Though the military claimed “election fraud” and “protecting the constitution” as the primary motivations for the coup, there are significant questions as to the real impetus and timing of this action.

The current political system seemed to be working favorably for the military. It was, in fact, designed by the military to ensure that it retained full power with a veneer of democracy to placate Western powers and avoid sanctions.

So, despite allowing elections, the military automatically retained 25 percent of parliamentary seats and controlled the major ministries of defense, border, interior and foreign affairs.

This allowed the military leaders to continue persecuting minorities in some of the longest-running civil wars in the world while at the same time enriching themselves considerably through corruption.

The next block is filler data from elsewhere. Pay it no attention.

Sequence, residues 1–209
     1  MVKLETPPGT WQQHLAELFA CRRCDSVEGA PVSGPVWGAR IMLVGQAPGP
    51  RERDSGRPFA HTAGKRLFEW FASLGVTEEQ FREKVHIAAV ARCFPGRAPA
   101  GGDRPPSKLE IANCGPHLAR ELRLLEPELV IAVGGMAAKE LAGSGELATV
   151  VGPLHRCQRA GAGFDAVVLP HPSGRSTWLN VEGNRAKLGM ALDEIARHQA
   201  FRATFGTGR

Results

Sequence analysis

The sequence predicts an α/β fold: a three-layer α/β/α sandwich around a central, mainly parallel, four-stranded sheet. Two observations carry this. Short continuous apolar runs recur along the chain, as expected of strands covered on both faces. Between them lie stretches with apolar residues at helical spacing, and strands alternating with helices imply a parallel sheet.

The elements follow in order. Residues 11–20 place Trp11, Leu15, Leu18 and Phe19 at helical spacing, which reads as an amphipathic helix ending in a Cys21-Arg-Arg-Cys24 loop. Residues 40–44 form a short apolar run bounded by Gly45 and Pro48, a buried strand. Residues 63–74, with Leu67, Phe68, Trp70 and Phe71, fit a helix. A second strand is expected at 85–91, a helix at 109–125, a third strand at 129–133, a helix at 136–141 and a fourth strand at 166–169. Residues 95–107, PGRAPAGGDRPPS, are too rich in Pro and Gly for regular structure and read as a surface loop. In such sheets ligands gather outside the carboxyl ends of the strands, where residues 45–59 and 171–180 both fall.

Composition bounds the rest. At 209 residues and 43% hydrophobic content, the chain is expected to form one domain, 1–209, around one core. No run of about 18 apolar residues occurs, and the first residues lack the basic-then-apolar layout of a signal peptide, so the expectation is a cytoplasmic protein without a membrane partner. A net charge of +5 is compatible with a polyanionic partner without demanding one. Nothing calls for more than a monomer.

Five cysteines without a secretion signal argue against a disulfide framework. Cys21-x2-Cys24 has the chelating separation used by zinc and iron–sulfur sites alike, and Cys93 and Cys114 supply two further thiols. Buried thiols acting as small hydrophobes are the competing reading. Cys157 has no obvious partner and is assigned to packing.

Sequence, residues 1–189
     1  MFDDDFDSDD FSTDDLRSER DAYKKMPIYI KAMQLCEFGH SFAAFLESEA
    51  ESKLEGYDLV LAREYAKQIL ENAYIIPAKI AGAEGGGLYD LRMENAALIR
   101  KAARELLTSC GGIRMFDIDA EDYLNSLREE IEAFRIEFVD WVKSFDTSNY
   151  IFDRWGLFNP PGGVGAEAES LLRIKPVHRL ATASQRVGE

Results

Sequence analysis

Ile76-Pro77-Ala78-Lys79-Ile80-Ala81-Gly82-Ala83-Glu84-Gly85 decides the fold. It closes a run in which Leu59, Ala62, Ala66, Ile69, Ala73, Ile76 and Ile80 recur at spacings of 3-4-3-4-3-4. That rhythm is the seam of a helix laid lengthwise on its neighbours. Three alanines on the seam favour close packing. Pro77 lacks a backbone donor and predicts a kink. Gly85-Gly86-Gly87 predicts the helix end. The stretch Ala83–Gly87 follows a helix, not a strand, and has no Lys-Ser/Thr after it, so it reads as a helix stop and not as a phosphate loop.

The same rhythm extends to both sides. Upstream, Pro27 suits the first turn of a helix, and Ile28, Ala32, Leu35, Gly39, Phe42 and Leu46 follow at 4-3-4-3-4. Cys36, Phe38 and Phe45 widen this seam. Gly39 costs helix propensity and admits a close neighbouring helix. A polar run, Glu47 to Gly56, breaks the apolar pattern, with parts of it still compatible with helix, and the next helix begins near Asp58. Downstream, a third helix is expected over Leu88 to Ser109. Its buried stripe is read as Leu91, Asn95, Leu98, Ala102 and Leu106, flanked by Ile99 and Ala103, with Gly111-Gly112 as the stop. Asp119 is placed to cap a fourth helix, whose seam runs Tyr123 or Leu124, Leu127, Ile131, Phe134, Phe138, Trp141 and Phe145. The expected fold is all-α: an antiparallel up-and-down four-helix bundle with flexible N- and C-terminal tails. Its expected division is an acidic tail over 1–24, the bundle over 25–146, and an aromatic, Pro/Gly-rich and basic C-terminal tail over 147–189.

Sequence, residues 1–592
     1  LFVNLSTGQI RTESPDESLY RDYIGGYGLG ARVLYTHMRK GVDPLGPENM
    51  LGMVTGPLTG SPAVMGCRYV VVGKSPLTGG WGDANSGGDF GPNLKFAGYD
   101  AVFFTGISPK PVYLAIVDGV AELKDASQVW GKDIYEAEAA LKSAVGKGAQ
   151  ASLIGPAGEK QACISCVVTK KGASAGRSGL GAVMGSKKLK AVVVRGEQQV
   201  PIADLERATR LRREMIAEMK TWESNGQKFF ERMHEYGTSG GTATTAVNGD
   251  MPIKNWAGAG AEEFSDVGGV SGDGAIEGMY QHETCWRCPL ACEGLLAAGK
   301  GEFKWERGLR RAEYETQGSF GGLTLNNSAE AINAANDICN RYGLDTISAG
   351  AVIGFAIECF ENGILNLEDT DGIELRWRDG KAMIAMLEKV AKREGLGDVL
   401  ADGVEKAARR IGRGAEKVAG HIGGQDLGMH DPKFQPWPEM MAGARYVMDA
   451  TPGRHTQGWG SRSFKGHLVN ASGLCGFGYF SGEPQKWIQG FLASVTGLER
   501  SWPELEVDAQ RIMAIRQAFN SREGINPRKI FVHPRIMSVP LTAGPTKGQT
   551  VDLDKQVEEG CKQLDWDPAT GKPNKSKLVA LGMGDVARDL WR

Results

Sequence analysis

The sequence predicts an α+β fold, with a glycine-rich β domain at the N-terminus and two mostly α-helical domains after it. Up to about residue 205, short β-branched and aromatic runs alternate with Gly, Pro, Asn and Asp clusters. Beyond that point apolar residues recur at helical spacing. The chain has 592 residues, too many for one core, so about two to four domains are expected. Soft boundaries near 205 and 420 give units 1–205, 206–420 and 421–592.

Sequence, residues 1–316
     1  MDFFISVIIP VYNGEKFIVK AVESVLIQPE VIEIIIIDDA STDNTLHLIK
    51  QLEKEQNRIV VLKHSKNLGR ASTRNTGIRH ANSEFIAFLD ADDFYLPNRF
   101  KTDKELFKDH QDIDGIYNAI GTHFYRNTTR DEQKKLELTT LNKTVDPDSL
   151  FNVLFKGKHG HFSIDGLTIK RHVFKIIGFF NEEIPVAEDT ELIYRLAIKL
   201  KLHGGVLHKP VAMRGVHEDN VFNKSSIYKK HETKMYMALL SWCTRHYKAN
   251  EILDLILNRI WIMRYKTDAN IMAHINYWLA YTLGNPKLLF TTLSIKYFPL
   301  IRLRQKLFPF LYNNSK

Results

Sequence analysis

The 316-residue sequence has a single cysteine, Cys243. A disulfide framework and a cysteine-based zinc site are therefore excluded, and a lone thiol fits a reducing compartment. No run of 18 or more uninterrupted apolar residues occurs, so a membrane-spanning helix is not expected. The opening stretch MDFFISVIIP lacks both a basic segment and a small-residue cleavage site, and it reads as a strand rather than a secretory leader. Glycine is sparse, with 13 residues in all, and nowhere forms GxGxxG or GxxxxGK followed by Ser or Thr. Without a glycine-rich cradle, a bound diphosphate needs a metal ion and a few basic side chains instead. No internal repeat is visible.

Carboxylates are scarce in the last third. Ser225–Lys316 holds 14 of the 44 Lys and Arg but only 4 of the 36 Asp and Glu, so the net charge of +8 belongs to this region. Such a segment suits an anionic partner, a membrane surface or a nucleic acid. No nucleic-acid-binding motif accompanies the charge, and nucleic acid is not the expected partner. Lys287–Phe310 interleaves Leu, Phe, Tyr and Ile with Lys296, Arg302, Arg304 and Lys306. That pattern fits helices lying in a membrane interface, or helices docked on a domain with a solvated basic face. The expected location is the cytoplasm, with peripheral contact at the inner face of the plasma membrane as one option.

They, in effect, had the holy grail of politics: Power without any accountability. Why then would they wish to upset such an advantageous system?

There are a number of possible explanations. Firstly, the military may have concluded that the NLD, despite its most strenuous efforts, is far too popular and an alternative reality of Myanmar is slowly emerging.

The current political system ensured the military retained a veneer of democracy to placate Western powers and avoid sanctions

This may not be a realizable threat now but, if allowed to fester, it could evolve into a more formidable hazard, diluting the military’s authority as people demand more rights and ask more questions about corruption as information flows increase.